Perhaps it is this delight that I found offputting. Zerby's research is at many points an excuse for some rather precious phrasing and overly-narrated historical asides. E.g., "These details of Crabbe's life, and the ones that follow, have been lifted (as in shoplifted, perhaps) from a consistently amusing thumbnail sketch of him by Michael Schmidt" [p. 122, n. 9]. Zerby does not simply purloin others' bon mots, however. He feels at liberty to develop his own imaginative back-stories to the literary figures he recounts, not always to the credit of the furtherance of the overall argument.

Zerby's research, it should be noted, relies heavily on another volume, oft-quoted on the bottoms of the pages of Devil's Details. This other volume, Anthony Grafton's The Footnote: A Curious History, functions as a sort of foil to Zerby's text, in that Zerby relies on it repeatedly for information, all the while disagreeing with Grafton's conclusions and methodological assumptions. He admits as much when he avers, "I have borrowed a great number of [Grafton's] facts and his antidotes [sic]; our interpretations of them differ dramatically" [p. 90 n. 2].

The reason for this complex relationship to Grafton's text eventually becomes clear. The question that drives Zerby, at the end of the day, is this: should a footnote be informative or performative? Grafton holds to the former; Zerby clearly opts for the latter. That is to say, for Zerby, the dramatic possibilities of the footnote eclipse its mere discursive possibilities, and he has choice words (nay, paragraphs - even unto whole chapters) for those who would think otherwise.

Thus Zerby's book itself employs and deploys footnotes not only to the end of logging sources, but for the evocation of effect and drama. There are points when this affectation works rather well (and I am still poststructuralist enough in my interests to enjoy a good performative aside every now and then). The difficulty arises when, enraptured with his own joyous prose, Zerby loses sight of restraint and, eventually, the reader. For such a short book, it was, at points, a very tiring exercise when these flights erupted.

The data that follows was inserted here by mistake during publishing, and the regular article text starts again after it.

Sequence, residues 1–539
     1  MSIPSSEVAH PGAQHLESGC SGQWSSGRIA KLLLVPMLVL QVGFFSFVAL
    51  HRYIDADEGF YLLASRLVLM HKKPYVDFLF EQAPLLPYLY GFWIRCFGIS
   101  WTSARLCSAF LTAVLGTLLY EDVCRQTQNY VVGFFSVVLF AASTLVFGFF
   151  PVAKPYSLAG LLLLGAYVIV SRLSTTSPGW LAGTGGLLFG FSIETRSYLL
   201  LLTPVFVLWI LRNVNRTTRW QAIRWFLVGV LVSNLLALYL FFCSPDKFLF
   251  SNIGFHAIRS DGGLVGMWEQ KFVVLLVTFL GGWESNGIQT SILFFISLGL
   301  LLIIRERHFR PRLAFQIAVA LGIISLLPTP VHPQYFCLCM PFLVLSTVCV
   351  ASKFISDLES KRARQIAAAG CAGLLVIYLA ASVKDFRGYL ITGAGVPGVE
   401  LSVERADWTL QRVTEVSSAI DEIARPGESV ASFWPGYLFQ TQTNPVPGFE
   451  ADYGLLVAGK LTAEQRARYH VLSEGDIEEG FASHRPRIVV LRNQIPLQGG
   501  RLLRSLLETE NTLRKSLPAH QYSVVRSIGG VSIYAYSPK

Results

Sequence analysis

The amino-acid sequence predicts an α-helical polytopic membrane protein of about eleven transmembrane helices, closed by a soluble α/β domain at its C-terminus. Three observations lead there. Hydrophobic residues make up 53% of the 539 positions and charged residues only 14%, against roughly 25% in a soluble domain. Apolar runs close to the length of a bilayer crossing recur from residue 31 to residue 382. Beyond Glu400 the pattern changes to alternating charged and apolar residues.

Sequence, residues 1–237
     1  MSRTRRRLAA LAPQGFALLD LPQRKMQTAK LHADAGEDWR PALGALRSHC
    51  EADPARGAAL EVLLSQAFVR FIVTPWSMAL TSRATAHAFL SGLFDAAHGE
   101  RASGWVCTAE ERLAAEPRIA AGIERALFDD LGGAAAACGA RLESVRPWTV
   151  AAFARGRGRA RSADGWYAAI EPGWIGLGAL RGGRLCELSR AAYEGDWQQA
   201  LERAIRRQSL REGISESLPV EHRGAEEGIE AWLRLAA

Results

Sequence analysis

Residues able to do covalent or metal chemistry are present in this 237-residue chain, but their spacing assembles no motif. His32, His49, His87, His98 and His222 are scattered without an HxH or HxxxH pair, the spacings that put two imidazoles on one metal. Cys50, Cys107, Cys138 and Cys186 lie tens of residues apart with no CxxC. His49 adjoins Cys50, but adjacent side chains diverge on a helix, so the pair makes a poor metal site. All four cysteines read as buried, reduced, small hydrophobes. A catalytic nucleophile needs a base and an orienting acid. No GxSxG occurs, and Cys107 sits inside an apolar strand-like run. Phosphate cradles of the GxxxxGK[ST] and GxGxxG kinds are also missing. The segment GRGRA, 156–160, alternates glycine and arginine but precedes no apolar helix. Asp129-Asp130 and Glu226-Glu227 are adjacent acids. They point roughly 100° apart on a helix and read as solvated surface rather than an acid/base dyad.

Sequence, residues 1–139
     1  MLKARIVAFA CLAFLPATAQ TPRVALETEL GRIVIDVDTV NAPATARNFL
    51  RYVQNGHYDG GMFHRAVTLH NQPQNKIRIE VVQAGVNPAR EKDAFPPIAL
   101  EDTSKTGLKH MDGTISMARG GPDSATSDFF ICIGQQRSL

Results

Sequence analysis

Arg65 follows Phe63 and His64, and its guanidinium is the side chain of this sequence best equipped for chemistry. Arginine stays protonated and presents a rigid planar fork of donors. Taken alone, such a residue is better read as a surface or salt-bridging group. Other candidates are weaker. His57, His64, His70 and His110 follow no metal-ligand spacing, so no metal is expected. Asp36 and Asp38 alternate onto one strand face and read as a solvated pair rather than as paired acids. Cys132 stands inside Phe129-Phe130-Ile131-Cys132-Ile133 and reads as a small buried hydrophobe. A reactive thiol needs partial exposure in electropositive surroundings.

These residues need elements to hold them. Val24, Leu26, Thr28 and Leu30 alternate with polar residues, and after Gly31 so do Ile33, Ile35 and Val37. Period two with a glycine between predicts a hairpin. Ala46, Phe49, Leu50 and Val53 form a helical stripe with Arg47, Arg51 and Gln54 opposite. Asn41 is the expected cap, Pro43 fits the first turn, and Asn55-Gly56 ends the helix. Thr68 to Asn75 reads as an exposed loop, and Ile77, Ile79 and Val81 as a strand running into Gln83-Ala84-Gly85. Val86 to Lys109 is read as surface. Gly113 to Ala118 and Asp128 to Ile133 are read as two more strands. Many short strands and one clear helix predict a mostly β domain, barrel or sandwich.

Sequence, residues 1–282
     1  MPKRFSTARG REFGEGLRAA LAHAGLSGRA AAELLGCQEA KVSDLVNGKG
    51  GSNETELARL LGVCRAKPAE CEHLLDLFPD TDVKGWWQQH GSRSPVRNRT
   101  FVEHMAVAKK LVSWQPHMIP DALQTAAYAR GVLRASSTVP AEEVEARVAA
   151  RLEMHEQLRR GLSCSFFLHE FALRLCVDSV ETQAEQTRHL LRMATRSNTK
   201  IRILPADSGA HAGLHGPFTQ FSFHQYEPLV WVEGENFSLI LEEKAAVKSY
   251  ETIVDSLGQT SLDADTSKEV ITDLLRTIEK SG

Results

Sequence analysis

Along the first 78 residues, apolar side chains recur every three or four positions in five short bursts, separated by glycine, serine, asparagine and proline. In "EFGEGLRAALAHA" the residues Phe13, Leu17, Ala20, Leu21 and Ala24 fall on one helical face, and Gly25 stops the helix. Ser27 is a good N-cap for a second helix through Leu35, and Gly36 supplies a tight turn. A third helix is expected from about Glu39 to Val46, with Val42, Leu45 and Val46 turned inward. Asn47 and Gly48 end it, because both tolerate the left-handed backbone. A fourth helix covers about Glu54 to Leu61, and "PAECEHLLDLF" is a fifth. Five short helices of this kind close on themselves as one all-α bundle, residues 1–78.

That does not mean this is not a book worth laboring through. While I found Zerby's style more off-putting in the early pages, by the time I got to the last third of the book, I had settled into a truce with it, and found the book both informative and entertaining. If I were to compare the book to a movie, I would say its marketers and director were unsure whether it should be a documentary or a romantic comedy. Trying to be both, it ends up falling short of either.

For that shortcoming, however, there are still jewels here. The Devil's Details manages to be a useful history of the footnote, despite itself.

Monday, December 7, 2009

Typography of the Tetragrammaton through the centuries

Kendall Soulen, at Wesley Seminary, recently sent me the following question:

I'm working on a book on the name of the Trinity that touches on how scribes and printers have handled divine names in sacred texts. There's been a fair bit written on nomina sacra recently, but I haven't seen much on handling e.g. the Tetragram in modern european vernacular translations. Can you direct me to a source that traces the history of using capital type for LORD (HERR etc.) in recent centuries? Specifically, I'm wondering whether Luther introduced the practice, or whether it was already current before him. I would be grateful for any help.

I've been doing a little digging, but I haven't been able to find much information on this practice. If anyone out there reading this can point out some good resources on this question, please leave a comment below. Many thanks.